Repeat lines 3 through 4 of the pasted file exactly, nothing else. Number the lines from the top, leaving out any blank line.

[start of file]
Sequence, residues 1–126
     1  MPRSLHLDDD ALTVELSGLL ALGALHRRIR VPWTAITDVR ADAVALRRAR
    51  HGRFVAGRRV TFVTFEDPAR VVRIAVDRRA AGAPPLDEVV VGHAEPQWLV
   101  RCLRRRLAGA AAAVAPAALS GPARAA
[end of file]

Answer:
    51  HGRFVAGRRV TFVTFEDPAR VVRIAVDRRA AGAPPLDEVV VGHAEPQWLV
   101  RCLRRRLAGA AAAVAPAALS GPARAA